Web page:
While Mass is not celebrated on Good Friday, a procession of the Santo Entierro or the Dead Christ is held on this day. Religious figures carried during the procession are further covered in black as a symbol of mourning for the death of the Lord. The Divine Mercy Novena also begins on this day.
Black Saturday is considered special day during the Holy Week with the Easter vigil beginning late at night. An hours-long celebration in anticipation of the resurrection of Christ, it is also a time for new Catholics (converted adults) to be baptized. The priest wears white for this Mass, as symbol of Jesus’ victory over death.
An important part of Black Saturday’s rites is the lighting of the Paschal candle, the first candle to be lit during the vigil to represent the light of Christ coming into the world.
Pope Benedict XVI expounded on the importance of the Paschal candle during his Easter Vigil in 2012, “ This is a light that lives from sacrifice. The candle shines inasmuch as it is burnt up. It gives a light, inasmuch as it gives itself. Thus the Church presents most beautifully the paschal mystery of Christ, who gives himself and so bestows the great light.”
At dawn on Easter Sunday, the event starts with the salubong or encounter presupposing the risen Christ meets Mother Mary to proclaim his resurrection.
Catholics and Cultures, a worldwide organization of Catholic countries, explains the Filipino tradition, “The statue of Mary, covered in a black mourning dress, is carried by the women of the town along one route, with statues of the saints who had been with Jesus before and after his death.
“On the other hand, the statue of the Risen Christ is carried by men along a different route. Crowds join both processions, where the destination is an outdoor stage where the images of Jesus and Mary meet.
“On stage, a ritual of singing and dancing marks the meeting of the images. Young women, chosen each year for this honor, have the leading roles in these ceremonies. One woman, in a role as tenyenta, dances a dance of thanksgiving and welcome. Another woman as kapitana sings recounting the role of Mary in Jesus’ life.
“A giant paper banana blossom hangs over the stage just above where Mary’s statue is placed, and when it opens it reveals a young girl dressed as an angel in white, then removes the Mary’s black veil of sorrow. Participants join in the celebration of the Resurrection and the end of Mary’s sorrow.”
Aglipays or Independiente
A spin-off of the Roman Catholic Church, the Aglipayan Church –officially called the Philippine Independent Church or Iglesia Filipina Independiente (IFI) when it was established in 1902 – follows the same practices as its forebears. They hold the salubong very early on Easter Sunday, preceded by the Vigil Mass held on the evening of Black Saturday.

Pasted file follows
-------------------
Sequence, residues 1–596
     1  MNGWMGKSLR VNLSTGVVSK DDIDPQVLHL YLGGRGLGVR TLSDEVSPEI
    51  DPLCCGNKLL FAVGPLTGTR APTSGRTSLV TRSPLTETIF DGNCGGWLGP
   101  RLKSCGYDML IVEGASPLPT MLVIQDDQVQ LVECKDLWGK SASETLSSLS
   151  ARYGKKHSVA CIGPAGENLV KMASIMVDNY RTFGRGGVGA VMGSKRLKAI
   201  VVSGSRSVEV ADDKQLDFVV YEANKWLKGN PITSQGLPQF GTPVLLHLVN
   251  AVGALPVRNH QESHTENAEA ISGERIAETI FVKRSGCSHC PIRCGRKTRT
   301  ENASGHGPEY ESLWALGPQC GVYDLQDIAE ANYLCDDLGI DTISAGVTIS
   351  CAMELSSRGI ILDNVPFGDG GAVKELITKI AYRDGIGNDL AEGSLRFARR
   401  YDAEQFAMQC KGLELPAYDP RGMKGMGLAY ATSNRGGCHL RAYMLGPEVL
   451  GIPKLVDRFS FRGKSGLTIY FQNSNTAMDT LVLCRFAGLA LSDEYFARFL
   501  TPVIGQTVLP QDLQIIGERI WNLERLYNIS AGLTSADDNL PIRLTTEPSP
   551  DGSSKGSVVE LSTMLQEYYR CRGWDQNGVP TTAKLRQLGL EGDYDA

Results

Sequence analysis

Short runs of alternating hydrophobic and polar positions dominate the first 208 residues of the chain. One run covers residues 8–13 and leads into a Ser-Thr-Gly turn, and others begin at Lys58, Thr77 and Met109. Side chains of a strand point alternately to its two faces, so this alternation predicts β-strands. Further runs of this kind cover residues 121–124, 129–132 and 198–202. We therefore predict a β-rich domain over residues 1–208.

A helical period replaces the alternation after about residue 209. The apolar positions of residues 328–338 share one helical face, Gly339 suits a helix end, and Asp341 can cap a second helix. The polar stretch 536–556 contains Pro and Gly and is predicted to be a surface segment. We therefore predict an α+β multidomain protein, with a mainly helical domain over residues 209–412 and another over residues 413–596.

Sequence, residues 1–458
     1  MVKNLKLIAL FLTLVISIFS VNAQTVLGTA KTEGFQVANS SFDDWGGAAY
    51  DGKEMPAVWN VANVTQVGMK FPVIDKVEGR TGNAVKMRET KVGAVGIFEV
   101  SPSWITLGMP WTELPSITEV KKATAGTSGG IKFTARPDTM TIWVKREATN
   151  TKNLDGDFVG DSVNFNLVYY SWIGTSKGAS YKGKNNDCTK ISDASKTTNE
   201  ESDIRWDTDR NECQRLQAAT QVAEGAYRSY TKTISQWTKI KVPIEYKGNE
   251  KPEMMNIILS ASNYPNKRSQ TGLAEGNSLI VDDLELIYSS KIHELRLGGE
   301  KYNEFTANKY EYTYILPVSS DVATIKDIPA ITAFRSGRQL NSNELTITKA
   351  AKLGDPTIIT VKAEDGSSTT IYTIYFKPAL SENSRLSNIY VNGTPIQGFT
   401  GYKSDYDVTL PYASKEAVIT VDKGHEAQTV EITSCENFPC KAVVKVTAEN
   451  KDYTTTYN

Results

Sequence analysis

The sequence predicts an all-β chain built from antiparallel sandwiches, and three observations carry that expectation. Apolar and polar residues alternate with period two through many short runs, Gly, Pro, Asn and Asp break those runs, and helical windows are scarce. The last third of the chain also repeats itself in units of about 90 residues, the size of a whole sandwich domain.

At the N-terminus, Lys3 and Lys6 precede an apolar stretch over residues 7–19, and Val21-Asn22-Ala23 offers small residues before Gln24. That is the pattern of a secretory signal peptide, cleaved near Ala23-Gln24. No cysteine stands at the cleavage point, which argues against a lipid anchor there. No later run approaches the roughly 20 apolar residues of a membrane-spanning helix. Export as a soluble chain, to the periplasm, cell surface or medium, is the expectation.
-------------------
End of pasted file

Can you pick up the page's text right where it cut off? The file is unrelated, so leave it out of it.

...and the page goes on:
Named after its first supreme head, Father Gregorio Aglipay, the group proclaimed its break from the Catholic Church by the members of the Union Obrera Democratica Filipina or the Democratic Workers Union of the Philippines due to abuses and maltreatment of Filipinos by the Spanish friars.
Take note that the Aglipayan Chuch does not adhere to Roman Catholic dictum of “infallibility of the Pope.” In fact, it rejects the spiritual authority of the head of the Vatican.
Formally called The Church of Jesus Christ of Latter-Day Saints but nicknamed the Mormon Church, its members who are called Mormons, celebrate Easter not just to commemorate the Resurrection of Christ but also to observe the universal resurrection that the Apostle Paul asserted in 1 Corinthians 15:20 to 22: “But now is Christ risen from the dead, and become the firstfruits of them that slept. For since by man came death, by man came also the resurrection of the dead. For as in Adam all die, even so in Christ shall all be made alive.” (King James Version)
What makes this Christian denomination unique is their use of “another scripture” besides the Bible—this is the Book of Mormon, an account of people of Jewish descent that inhabited the Western Hemisphere. The book in gold plates—said to have been compiled by Prophet Mormon and delivered to Joseph Smith in 1823 by his son Moroni, who was resurrected and became an angel—was translated and first published in 1830.
The Book of Mormon corroborates the testimony of the apostles that Jesus Christ died and rose from the dead, and that he is the Savior who will come to judge both the living and the dead in an appointed time, which only God the Father knows. It further contains religious writings of civilizations in ancient America between 2200 BC and AD 421, including an eyewitness account of the ministry of Jesus Christ on the American continent following his resurrection in Jerusalem.
The Latter-Day Saints (LDS) official website (www.lds.org) explains how Easter is celebrated among them.
“Latter-Day Saints conduct Easter Sunday services but do not follow the religious observances of Ash Wednesday, Lent, or Holy Week. LDS Easter services traditionally review New Testament and Book of Mormon accounts of Christ’s crucifixion, His Resurrection, and surrounding events.